© Times-Herald photo by Nathan Liewicki
Five Hills Health Region Executive Director of Environmental Services Jim Allen shares a scaled model of a section of the new regional hospital with a small tour of health professionals Tuesday. The tour was part of the FHHR's two-day Semi-Annual Review that took place in Moose Jaw.
Five Hills shows off 3P process during review tour
Roberta Arens is retired, but the former nurse believes the direction the healthcare system is headed in would suit her well.
“I just wish that I was still working because this is my kind of thing,” Arens told the Times-Herald Tuesday. “This is what I like. I like things to be organized, and flow well and work well.”
Her kind of thing is the lean healthcare principles being adopted throughout the Five Hills Health Region (FHHR) through the 3P model – production, preparation and process.
She was one of more than 100 current and former healthcare staff members from parts of the province in Moose Jaw on Monday and Tuesday for the FHHR’s Semi-Annual Review.
Tours were also included as part of the two-day review.
One of the tours gave people the chance to see the 3P model of the new regional hospital come to life from its early stages of development.
Although the tour was brief, participants like Arens were able to see how three of the seven flows of healthcare – flow of the patient, flow of the provider and flow of supplies – were examined considerably by 3P team members and morphed into the design process of the models.
Things such as the width of doors, the size of rooms and the equipment needed in rooms were all considered in shaping the designs.
“Each individual was tasked with coming up with seven different designs,” said Jim Allen, FHHR executive director of environmental services.
“You'd have 70 designs, so amongst their team they'd talk about their designs and benefits. As a team they'd come up with two or three best of the best designs – the culmination of the team's best designs – and then they'd mock it up. Each team would make two or three models at about a 1:50 scale.”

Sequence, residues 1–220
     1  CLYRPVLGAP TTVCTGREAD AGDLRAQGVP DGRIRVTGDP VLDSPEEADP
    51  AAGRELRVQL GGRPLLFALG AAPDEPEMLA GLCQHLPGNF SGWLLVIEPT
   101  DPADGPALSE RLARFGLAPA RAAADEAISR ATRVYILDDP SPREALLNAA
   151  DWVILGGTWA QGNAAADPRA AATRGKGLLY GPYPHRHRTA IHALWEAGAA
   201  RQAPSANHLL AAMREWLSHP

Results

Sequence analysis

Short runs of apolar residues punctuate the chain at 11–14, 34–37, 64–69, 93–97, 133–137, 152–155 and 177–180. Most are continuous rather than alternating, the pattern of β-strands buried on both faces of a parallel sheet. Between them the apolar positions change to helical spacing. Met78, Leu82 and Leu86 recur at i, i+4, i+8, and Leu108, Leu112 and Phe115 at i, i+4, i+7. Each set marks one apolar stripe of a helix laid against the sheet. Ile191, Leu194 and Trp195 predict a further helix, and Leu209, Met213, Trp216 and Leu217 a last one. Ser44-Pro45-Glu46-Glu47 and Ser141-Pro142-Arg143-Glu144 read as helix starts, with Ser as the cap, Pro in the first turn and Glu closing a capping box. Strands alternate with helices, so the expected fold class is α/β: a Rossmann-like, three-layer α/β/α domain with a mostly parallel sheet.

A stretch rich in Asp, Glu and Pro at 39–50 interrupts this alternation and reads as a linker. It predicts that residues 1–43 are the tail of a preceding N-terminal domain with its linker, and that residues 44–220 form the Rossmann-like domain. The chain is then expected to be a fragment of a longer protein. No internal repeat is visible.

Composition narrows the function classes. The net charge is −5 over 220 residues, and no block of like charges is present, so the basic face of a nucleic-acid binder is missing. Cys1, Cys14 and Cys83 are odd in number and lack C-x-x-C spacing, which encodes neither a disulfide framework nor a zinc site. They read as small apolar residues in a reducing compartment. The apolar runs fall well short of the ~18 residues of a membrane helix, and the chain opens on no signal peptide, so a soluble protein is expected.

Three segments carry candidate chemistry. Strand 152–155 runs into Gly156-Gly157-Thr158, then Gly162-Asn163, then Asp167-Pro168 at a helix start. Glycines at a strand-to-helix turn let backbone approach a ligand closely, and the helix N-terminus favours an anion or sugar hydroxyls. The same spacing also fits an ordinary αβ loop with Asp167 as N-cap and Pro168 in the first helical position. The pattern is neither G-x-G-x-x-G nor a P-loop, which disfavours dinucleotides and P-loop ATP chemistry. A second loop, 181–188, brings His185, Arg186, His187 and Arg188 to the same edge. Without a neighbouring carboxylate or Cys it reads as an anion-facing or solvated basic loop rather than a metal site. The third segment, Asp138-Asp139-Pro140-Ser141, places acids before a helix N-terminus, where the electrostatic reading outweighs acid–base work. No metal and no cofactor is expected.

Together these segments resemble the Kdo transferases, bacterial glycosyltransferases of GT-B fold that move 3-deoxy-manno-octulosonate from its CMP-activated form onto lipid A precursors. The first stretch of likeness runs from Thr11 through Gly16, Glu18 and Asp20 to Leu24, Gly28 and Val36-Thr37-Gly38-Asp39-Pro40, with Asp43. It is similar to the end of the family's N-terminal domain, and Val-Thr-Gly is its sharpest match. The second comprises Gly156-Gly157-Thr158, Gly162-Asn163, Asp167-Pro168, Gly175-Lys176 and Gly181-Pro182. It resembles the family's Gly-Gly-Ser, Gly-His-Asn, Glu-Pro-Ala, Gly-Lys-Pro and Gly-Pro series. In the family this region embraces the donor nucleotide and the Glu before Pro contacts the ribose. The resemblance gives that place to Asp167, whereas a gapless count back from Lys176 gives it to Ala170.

The tour displayed a series of scaled models constructed by 3P teams using things like cutouts, stickers and notes to pinpoint areas of importance in, for example, the pediatric ward of the new hospital.
“The conversations that came out of the models were really rich and you can appreciate something in a model that you can't see in a drawing,” said Allen.
There was something about seeing the drawings become scaled models that caught Arens’ attention.
“The light bulb that went off was seeing the mockups that they've done because it's hard for me to visualize space from a flat drawing. And when you see it – even though I know they've changed some of those mockups – that's not the way it's going to be,” Arens said. “You can see the flow and see how the patients – even though they are ill – will have such a better experience because of the room they are going to be in.”
A full-scale model of one of the rooms that will be in the hospital was the final part of the tour, giving participants a look at the almost final product.
“We are so lucky to get a new hospital and to be able to get this new system at the same time,” Arens said. “We are just very lucky.”
Nathan Liewicki can be reached at 306-691-1256 or follow him on Twitter @liewicks